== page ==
How an Aerovee gets 80 hp

There is a vast discussion among “experts” that a 2180 cc VW engine can’t produce 80 HP in an aircraft environment swinging a prop. However, I believe that it can. Below here is Aeroconversions (sonex) take on the subject.

Keep in mind this basic formula that applies to this engine:

HP = TQ x RPM / 5252

With Sonex’s publish ft-lbs numbers you can calculate HP.
80.9 hp = 125 ft-lbs x 3400 rpm / 5252
69.8 hp = 126.4 ft-lbs x 2900 rpm / 5252

Assuming 125.5 ft-lbs at 3100 rpm
74.1 hp = 125.5 ft-lbs x 3100 rpm / 5252

Also remember Torque at the prop is what’s doing the work.

The following was taken a post made on the Aerovee discussion group by Sonex on 10/26/2010:

Hello again AeroVee and SonexTalk Groups-

We wanted to address a common question that we field regarding the
horsepower rating of the AeroVee. Specifically, why do list it as an 80hp
engine when our competitors list similar displacement vw-based engines at 70
to 76hp?

Good data is very difficult to find for most of the AeroVee competition.
There are some slight differences in core parts selection of each
conversion, but there are also differences in how horsepower is being
measured, and at what RPM max rated horsepower is being published.

Sonex Aircraft has both Dyno testing data and comparative prop testing data
to support that the AeroVee is an 80 hp engine at 3400 rpm. Our Dyno tests
conducted with the University of Wisconsin-Madison engineering department
shows the AeroVee produced approx. 80.74 hp and approx. 125 in-lbs of torque
at 3400 rpm on-average between all of our test runs. Peak hp was measured at
3500 rpm: approx. 82.12 hp, however torque is on the back-side of the peak
³plateau² of the graph at this rpm: approx. 123.23 in-lbs, so that
factored-in to our publishing max rated hp at 3400 rpm, where torque is a
little sweeter, and we¹re running the prop slightly slower. Absolute peak
torque was shown in our Dyno test runs at about 2900 rpm with approx. 126.36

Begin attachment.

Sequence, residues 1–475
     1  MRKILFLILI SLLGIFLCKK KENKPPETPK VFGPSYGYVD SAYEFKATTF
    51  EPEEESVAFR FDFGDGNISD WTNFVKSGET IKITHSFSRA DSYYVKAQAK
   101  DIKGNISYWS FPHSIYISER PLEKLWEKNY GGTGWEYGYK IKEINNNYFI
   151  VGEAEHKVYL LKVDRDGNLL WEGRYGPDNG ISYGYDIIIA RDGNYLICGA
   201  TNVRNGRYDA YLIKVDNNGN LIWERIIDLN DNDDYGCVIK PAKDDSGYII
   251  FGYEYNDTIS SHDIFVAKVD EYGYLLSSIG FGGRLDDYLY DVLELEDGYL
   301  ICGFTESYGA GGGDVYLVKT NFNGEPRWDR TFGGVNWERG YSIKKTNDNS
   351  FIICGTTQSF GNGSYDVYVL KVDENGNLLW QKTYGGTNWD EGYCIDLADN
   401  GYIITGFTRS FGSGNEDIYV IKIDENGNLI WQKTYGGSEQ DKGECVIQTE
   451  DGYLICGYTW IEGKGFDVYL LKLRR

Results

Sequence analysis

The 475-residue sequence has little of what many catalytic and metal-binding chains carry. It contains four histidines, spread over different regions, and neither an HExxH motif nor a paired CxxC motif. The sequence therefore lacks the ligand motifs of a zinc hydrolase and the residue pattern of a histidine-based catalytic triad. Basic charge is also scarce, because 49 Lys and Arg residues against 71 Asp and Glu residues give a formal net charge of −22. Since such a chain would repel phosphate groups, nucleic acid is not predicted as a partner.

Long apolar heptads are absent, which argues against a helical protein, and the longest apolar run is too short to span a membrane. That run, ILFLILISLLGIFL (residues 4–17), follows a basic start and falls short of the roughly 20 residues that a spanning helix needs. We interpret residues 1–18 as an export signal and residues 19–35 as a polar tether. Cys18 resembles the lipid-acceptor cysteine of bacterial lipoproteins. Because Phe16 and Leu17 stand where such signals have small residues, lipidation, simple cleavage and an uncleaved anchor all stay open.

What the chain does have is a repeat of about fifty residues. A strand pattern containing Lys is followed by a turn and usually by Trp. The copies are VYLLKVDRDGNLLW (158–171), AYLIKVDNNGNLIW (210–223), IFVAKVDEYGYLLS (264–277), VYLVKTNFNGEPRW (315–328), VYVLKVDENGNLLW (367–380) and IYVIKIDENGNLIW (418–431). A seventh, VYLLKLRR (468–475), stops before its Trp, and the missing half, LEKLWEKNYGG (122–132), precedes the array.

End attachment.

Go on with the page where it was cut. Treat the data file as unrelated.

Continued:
in-lbs.

We know from our extensive flying experience with these engines that these
numbers are within the normal operating range of the props that we use. We
also know that an AeroVee Engine installation that is set up per our
standard instructions can run all-day in this RPM range. We like to see 3000
rpm minimum static rpm in a full-power ground run. Depending on the prop, we
usually see a maximum of about 3500 rpm in level flight at WOT. We rate the
engine¹s red line at 4000 rpm, but the engine core revs more than that in a
car.

With regard to comparative prop testing: when we first began testing of the
³modern² version of the AeroVee on Sonex Aircraft, we wanted to see how the
engine compared to the Jabiru 2200 we were already flying on the airframe.
At that time, the 2200 Jabiru was rated at 80 hp with a published
power/torque curve to support that number (changes in the engine has since
increased its power slightly since then, and Jabiru currently publishes it
as an 85 hp engine). We had conducted a lot of prop testing with Sensenich
to get an optimized prop selection for the 2200 powered Sonex, and we had a
lot of flight test data collected for that setup. For the first flights of
the AeroVee 2180, we simply had Sensenich make a left-hand turning version
of the Jabiru 2200 prop we had worked with them to refine. With that prop,
static rpm on the ground and rpm¹s in the air was approximately 50 rpm
higher than the Jabiru 2200, and performance of the aircraft was slightly
better as you would expect with an increase in rpm. Note that newer 2200
Jabiru Engines have performed slightly better than the 2180 AeroVee due to
the added displacement and other refinements of the 2200 Jabiru Engine in
the past 8 years.

The bottom line is that the power output of all direct-drive big bore and
stroke 2180 VW aircraft conversions is roughly equivalent, but each company
publishes the rated hp at different rpm¹s. We feel our competitors are
confusing max rated hp, the standard by which most engine hp ratings are
published, with max continuous rpm. Our competitors who are rating their
engines at 76 hp appear to be publishing the max continuous rpm of their
2180 VW conversions.

As always, please feel free to contact Betty, John, Jeremy, Kerry, Mark,
Heather Z, Jason, Stephanie, or Heather W at the numbers or e-mails below
with any questions or Comments.

Regards,
-Sonex Aircraft, LLC

www.sonexaircraft.com
Tel (Info/Orders): 920.231.8297
Tel (Tech Line): 920.230.8324
Fax: 920.426.8333

Comments are closed.